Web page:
Collectively Imagining Life After Coal: Participatory Focus Groups for Grassroots Social Change
Garret Zastoupil, PhD candidate in Civil Society and Community Studies

In May 2020, in the middle of the novel coronavirus pandemic and corresponding economic crisis, Great River Energy, announced that it was closing the Coal Creek Station, a coal-based electrical power plant in rural McLean Country, North Dakota. Additionally, the mouth-mine owned by NACCO Industries, Falkirk Mine, is set to close alongside the power plant. As the largest coal-power electrical facility in the state of North Dakota, and largest employers in McLean County, the closures of Coal Creek and Falkirk Mine will impact the entire county, as these two entities employ over 700 residents and account for 67% of income in the county. This closure of the coal industry is part of a larger trend throughout the United States and much of the global north and south, of electrical organizations shuttering nonrenewable power extraction and production facilities and bringing renewable energy sources online. Dakota Resource Council (DRC), a state-wide grassroots environmental group is organizing in McLean County to support the development of a just transition that supports the economic and environmental sustainability of the region during the closure of the coal industry. This community-based research project with Dakota Resource Council seeks to collaboratively shift the belief of rural residents in their capacity to envision and enact a different future for the county. DRC is currently building a resident-led organization in McLean County to promote participatory development during the transition. This study seeks to complete a series of participatory focus groups with both specific community groups and community residents throughout McLean County. These focus groups will be used to understand residents’ beliefs about the health of the local community economy, perceptions of community efficacy to create grassroots change, and identify sites of collective power within the community.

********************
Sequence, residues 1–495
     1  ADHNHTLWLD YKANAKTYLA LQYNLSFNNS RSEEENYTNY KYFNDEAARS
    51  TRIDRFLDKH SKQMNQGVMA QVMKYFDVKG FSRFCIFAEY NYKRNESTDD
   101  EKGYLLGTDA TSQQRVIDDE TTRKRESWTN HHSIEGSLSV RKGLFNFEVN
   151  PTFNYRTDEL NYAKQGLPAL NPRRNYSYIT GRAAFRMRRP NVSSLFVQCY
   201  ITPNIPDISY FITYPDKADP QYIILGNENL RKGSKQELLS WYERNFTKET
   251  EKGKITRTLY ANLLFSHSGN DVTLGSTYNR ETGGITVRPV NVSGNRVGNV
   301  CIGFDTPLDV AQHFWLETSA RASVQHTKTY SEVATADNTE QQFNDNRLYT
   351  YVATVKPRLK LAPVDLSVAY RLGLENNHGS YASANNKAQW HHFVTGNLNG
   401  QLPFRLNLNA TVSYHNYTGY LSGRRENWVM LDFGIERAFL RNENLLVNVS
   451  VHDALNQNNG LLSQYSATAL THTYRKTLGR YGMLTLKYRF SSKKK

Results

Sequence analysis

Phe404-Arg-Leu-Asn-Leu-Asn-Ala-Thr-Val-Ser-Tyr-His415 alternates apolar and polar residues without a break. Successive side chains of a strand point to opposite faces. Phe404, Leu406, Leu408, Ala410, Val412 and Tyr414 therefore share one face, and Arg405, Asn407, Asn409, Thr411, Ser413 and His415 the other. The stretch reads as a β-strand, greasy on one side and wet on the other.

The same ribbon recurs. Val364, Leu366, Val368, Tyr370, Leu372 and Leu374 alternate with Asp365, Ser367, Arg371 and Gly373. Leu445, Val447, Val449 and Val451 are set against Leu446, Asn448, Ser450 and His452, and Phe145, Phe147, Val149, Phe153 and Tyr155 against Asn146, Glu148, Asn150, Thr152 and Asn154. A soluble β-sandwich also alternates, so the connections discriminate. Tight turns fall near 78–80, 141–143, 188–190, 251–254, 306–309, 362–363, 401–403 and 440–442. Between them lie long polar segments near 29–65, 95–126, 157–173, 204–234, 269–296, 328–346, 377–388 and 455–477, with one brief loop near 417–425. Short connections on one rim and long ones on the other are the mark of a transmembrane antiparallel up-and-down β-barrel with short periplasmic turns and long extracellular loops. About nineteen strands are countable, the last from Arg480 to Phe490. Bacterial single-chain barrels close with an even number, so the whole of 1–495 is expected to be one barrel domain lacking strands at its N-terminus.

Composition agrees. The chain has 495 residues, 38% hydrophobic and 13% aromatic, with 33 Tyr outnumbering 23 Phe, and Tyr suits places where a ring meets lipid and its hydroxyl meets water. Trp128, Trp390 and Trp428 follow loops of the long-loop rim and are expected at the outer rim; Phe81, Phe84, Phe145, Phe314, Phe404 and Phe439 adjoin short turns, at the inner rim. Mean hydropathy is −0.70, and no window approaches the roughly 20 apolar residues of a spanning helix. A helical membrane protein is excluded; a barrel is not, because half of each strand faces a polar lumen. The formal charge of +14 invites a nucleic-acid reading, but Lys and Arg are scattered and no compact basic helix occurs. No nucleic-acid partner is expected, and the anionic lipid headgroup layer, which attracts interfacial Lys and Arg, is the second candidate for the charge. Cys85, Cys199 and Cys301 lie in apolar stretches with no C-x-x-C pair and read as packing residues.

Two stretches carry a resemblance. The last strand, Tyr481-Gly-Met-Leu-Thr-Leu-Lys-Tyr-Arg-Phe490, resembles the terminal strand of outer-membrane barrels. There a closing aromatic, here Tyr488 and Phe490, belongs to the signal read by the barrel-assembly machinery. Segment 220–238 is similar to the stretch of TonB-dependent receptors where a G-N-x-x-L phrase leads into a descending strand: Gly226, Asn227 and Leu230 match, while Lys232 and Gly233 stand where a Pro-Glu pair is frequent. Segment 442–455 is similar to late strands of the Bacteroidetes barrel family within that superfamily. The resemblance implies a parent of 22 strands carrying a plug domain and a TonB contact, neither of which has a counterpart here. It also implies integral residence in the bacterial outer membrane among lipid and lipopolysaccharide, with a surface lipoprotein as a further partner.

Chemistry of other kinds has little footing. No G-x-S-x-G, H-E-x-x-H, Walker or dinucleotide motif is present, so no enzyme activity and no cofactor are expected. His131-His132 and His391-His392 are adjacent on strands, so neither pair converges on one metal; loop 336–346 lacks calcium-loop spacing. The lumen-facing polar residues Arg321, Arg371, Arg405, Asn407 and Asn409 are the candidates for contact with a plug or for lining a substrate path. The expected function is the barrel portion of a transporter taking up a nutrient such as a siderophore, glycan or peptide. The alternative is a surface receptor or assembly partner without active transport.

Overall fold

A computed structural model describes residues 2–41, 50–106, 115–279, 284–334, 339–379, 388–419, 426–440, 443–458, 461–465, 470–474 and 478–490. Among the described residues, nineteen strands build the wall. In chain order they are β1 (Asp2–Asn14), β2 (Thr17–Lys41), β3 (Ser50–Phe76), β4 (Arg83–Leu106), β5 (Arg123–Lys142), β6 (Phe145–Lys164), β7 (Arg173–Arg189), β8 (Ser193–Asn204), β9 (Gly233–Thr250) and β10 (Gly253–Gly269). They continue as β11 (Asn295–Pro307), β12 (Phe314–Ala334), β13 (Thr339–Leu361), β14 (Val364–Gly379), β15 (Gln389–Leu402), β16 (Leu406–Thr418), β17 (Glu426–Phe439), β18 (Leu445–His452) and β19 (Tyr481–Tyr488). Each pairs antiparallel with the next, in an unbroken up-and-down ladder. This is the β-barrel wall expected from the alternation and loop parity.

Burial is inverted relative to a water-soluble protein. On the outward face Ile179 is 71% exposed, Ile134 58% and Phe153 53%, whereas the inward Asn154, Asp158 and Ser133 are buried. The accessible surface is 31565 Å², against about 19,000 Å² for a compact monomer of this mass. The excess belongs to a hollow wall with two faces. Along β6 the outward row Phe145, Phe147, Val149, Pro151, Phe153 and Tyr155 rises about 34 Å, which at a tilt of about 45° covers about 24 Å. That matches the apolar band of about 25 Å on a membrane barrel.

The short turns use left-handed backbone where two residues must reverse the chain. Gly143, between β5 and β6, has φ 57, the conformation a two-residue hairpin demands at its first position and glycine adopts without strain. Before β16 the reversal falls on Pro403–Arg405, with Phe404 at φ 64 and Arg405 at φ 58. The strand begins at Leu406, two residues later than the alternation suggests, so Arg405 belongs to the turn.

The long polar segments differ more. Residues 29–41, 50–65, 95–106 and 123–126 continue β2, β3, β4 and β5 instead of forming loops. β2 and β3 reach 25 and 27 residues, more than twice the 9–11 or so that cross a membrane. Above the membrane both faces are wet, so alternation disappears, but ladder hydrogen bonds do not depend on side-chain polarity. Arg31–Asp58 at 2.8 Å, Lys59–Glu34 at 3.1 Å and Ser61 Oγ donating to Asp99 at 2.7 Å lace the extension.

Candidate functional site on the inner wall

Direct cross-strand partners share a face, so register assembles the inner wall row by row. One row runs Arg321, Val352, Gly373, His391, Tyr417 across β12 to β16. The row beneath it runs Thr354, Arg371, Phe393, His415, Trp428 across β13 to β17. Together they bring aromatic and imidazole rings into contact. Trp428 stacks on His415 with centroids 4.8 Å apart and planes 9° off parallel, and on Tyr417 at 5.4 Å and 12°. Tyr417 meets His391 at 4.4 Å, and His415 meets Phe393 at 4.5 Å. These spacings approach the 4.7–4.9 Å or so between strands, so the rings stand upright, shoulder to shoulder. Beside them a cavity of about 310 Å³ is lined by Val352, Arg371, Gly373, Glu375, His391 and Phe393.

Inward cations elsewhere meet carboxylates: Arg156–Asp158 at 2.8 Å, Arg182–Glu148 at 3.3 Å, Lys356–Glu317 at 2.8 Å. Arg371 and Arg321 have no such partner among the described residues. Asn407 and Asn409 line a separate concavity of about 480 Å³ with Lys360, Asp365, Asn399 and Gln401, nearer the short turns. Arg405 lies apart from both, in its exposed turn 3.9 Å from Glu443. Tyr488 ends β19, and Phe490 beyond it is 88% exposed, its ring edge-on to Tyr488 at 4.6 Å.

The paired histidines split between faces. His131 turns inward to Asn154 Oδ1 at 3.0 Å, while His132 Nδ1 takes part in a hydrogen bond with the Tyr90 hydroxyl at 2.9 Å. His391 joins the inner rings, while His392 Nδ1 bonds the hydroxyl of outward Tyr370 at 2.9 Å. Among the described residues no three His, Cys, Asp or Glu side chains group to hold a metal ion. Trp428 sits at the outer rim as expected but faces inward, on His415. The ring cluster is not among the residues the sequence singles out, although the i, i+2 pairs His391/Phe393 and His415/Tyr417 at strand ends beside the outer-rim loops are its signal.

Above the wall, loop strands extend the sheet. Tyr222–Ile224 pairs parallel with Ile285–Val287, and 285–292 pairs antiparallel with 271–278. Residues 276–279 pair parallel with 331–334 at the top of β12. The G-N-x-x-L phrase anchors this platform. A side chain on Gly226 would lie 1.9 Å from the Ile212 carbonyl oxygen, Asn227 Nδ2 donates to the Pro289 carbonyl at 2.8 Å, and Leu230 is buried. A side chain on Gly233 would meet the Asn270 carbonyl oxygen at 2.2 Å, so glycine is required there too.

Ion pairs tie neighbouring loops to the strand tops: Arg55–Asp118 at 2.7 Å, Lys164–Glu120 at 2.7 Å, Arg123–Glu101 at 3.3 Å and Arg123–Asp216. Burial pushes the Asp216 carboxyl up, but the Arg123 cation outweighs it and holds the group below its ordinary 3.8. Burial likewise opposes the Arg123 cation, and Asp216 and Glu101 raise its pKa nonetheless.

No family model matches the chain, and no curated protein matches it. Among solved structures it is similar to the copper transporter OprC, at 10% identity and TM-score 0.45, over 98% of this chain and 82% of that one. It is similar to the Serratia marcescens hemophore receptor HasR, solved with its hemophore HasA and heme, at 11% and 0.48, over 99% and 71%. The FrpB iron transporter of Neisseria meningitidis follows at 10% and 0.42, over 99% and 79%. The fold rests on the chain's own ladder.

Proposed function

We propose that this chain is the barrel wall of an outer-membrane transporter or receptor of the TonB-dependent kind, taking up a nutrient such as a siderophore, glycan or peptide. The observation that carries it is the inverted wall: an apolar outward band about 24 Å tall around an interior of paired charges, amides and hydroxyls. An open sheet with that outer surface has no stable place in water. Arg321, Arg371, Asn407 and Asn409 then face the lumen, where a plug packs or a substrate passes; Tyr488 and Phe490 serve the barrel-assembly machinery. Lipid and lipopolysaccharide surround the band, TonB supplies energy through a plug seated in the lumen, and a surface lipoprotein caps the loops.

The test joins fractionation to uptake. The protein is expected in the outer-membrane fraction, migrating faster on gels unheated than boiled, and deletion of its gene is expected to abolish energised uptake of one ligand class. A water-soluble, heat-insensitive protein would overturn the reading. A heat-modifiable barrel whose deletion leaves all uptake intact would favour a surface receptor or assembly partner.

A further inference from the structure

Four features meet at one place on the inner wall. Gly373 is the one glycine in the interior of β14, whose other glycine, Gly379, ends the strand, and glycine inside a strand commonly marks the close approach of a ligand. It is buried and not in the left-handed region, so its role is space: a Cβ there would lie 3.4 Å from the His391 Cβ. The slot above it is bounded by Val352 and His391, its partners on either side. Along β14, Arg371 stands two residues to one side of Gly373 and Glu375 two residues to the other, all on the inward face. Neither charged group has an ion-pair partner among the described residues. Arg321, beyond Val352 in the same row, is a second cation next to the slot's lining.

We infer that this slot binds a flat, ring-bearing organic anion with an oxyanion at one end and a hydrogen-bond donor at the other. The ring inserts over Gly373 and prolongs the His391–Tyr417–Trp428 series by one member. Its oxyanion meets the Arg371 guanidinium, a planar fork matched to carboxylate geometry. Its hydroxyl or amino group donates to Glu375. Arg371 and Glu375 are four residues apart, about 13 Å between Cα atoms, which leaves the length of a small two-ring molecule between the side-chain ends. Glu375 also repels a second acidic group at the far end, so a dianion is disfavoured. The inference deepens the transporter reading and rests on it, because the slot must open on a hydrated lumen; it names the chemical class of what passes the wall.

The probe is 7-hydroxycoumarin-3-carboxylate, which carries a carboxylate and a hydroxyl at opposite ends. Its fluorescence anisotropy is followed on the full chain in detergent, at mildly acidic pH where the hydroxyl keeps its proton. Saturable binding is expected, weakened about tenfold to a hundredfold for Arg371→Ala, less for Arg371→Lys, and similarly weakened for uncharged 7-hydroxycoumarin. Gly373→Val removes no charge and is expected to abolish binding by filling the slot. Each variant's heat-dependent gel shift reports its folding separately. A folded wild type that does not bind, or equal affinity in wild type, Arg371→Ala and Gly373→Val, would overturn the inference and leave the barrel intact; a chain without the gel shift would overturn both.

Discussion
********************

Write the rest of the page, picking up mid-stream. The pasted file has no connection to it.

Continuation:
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  • Julie Poehlmann-Tynan, Community-based Evaluation of the Cultural Connections Program for children with incarcerated parents
  • Vivien Ahrens, Developing participatory evaluation tools with Centro Hispano of Dane County’s Youth Programs